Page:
Posts Tagged ‘V380 Orionis’

Billowy Flower

Z. Levay (STScI/AURA/NASA), T.A. Rector (University of Alaska Anchorage) and H. Schweiker (NOAO/AURA/NSF)

Billowy filaments of gas and dust create the flower shaped NGC 1999 in this image from the National Science Foundation’s Mayall 4-meter telescope on Kitt Peak.

Zoom into the network of filaments, jets, arcs and clouds. What pictures or stories do you see? Leave a note in the comments below.

At the center of this celestial garden is the young star V380 Orionis. Instead of glowing like some nebulae, this area reflects the bright light of V380 Orionis. If you zoom in close to this bright area, look for a dark keyhole shaped area. This part of the nebula is truly empty space. But surrounding this area, powerful winds and jets from this newly formed star push material away. Eventually a cavity will be formed. For now, follow the spoke-like tendrils outward.

Two features may strike your attention. The pizza-slice shaped cloud to the right and the bright waterfall arc near the center. Both of these features are the first Herbig-Haro objects to be found. Guillermo Haro and George Herbig first described HH-1 and HH-2 in the 1950s. These objects are young stars with powerful jets. As this jet slams into the relatively calm nebula, a bow shock is created. Much like a boat moving through water, these shockwaves move the nebula aside. They move at tremendous speeds, heating the nebula and causing it to glow. The slice-shaped cloud is more than ten light-years long. Big and small Herbig-Haro objects are found throughout the image.

NGC 1999 is found about 1,500 light-years from Earth toward the constellation Orion.

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Glowing R-shaped Keyhole

NASA and The Hubble Heritage Team (STScI)

A glowing R-shaped keyhole beckons in this star-forming region of the galaxy toward the constellation Orion. NASA’s Hubble Space Telescope shows the foggy light of the reflection nebula NGC 1999.

Explore the nebula. Reflection nebulae do shine with light of their own. NGC 1999 reflect the light of a bright, recently formed star. The star called V380 Orionis glows just left of center in the image. NGC 1999 is the cloud from which the star originally formed. Because the star is still enshrouded in this cloud, astronomers believe that V380 Orionis is still very young. It’s white light indicates the star is hot; about twice as hot as our Sun at 10,000 degrees Centigrade. V380 Orionis also is about 3.5 times more massive than the Sun.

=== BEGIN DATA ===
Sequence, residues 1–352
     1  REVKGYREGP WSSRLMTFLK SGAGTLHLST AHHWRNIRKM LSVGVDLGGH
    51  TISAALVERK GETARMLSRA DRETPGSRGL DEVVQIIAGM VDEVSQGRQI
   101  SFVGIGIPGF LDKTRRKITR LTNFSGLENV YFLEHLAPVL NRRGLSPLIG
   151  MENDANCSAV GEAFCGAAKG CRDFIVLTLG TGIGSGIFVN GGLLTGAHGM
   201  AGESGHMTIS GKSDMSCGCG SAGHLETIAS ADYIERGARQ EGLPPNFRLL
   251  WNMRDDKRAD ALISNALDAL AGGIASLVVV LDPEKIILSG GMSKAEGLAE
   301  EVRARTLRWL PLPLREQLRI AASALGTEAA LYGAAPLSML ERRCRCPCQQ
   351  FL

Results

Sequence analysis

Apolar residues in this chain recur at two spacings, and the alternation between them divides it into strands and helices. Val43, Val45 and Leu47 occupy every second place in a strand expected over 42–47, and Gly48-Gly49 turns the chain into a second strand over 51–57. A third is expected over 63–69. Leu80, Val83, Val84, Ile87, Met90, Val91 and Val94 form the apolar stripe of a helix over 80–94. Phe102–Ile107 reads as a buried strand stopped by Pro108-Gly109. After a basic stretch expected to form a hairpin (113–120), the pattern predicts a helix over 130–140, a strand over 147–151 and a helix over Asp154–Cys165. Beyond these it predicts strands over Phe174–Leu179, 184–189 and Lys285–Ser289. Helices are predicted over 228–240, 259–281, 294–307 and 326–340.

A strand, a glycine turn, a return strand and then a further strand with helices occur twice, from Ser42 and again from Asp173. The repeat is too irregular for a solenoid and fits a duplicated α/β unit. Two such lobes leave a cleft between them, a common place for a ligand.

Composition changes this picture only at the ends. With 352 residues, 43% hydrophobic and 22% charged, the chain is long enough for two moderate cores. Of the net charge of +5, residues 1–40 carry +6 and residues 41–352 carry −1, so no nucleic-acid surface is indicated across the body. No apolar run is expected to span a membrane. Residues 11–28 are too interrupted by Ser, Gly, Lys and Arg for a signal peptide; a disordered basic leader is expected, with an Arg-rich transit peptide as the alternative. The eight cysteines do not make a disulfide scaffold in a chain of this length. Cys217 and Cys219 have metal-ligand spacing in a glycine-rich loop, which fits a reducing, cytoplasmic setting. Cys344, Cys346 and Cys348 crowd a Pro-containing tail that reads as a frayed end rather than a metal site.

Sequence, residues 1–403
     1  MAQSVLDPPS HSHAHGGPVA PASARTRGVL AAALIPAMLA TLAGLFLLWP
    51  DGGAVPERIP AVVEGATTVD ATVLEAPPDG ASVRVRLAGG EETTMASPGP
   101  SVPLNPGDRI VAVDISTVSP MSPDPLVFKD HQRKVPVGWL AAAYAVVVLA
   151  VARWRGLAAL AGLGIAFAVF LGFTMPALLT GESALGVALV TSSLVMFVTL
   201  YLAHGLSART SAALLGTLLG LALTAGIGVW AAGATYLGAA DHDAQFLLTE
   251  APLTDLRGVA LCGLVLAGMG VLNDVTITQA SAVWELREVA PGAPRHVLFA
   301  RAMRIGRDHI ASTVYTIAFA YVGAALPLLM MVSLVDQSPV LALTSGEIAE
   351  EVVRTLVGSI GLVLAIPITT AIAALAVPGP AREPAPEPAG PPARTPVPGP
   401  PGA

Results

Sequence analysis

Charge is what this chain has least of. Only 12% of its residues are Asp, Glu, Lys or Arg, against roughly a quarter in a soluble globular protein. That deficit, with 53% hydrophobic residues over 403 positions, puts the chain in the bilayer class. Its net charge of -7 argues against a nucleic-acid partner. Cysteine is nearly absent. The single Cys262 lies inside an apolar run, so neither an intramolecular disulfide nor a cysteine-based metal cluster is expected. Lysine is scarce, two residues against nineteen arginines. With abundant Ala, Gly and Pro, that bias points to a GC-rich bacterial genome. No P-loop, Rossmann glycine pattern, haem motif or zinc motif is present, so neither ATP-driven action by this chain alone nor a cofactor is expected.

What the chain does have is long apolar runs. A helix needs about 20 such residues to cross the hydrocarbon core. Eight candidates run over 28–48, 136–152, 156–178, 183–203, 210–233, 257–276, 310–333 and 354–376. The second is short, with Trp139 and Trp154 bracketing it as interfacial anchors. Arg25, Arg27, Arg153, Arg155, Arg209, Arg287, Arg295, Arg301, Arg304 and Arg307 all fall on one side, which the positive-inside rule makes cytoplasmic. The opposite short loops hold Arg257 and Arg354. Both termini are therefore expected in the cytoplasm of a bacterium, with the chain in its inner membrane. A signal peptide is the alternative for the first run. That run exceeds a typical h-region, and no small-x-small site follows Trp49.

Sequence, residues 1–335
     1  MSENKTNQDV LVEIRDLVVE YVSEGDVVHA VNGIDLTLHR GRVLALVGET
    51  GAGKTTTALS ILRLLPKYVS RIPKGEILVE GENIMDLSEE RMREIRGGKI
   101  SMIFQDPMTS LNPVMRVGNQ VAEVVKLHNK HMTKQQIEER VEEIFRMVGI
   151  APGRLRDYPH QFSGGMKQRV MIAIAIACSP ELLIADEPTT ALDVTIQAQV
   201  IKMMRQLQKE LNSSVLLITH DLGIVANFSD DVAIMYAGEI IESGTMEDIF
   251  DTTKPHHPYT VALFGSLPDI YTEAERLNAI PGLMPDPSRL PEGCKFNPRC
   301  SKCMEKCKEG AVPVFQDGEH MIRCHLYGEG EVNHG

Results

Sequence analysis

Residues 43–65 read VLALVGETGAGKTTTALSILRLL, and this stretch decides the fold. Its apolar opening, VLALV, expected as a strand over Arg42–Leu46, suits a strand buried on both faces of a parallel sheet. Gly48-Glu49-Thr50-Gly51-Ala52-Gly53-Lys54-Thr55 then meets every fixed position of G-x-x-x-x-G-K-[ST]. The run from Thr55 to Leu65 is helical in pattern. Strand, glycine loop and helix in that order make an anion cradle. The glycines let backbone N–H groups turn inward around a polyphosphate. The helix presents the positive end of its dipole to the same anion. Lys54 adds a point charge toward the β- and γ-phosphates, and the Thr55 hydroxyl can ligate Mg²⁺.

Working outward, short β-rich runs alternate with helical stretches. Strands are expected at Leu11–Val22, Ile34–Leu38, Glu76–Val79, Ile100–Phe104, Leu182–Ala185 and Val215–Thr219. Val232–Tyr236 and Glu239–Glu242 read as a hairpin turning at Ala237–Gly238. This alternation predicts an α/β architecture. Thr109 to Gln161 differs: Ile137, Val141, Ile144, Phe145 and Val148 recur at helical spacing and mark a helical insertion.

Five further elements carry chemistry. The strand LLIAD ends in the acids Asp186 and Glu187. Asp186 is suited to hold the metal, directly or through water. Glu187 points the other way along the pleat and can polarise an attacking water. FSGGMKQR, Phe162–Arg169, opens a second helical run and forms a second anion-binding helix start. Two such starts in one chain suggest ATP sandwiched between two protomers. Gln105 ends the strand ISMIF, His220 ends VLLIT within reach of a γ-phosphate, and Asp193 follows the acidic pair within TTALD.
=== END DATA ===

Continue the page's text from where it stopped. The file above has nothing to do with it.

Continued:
The keyhole itself is not a hole at all but an example of inky, dark star clouds called Bok globules. These cold, dense clouds of dust and gas are named after their discoverer, American astronomer Bart Bok. These clouds are so dense that they block all light behind it. Similarly on Earth, dark storm clouds block the Sun on a summer day allowing the edges to glow brightly. Astronomers believe that the globules are contracting due to their own gravity. One day, new stars may form inside these globules.

Sir William Herschel and his sister Caroline discovered NGC 1999 in the late 1700s. The nebula lies about 1,500 light-years from Earth. You can find it in night skies just below the Great Nebula in Orion, M42.

Keyhole

NASA and The Hubble Heritage Team (STScI)

A glowing keyhole beckons in this star-forming region of the galaxy toward the constellation Orion. NASA’s Hubble Space Telescope shows the foggy light of the reflection nebula NGC 1999.

Explore the nebula. Reflection nebulae do shine with light of their own. NGC 1999 reflect the light of a bright, recently formed star. The star called V380 Orionis glows just left of center in the image. NGC 1999 is the cloud from which the star originally formed. Because the star is still enshrouded in this cloud, astronomers believe that V380 Orionis is still very young. It’s white light indicates the star is hot; about twice as hot as our Sun at 10,000 degrees Centigrade. V380 Orionis also is about 3.5 times more massive than the Sun.

The keyhole itself is not a hole at all but an example of inky, dark star clouds called Bok globules. These cold, dense clouds of dust and gas are named after their discoverer, American astronomer Bart Bok. These clouds are so dense that they block all light behind it. Similarly on Earth, dark storm clouds block the Sun on a summer day allowing the edges to glow brightly. Astronomers believe that the globules are contracting due to their own gravity. One day, new stars may form inside these globules.

Sir William Herschel and his sister Caroline discovered NGC 1999 in the late 1700s. The nebula lies about 1,500 light-years from Earth. You can find it in night skies just below the Great Nebula in Orion, M42.

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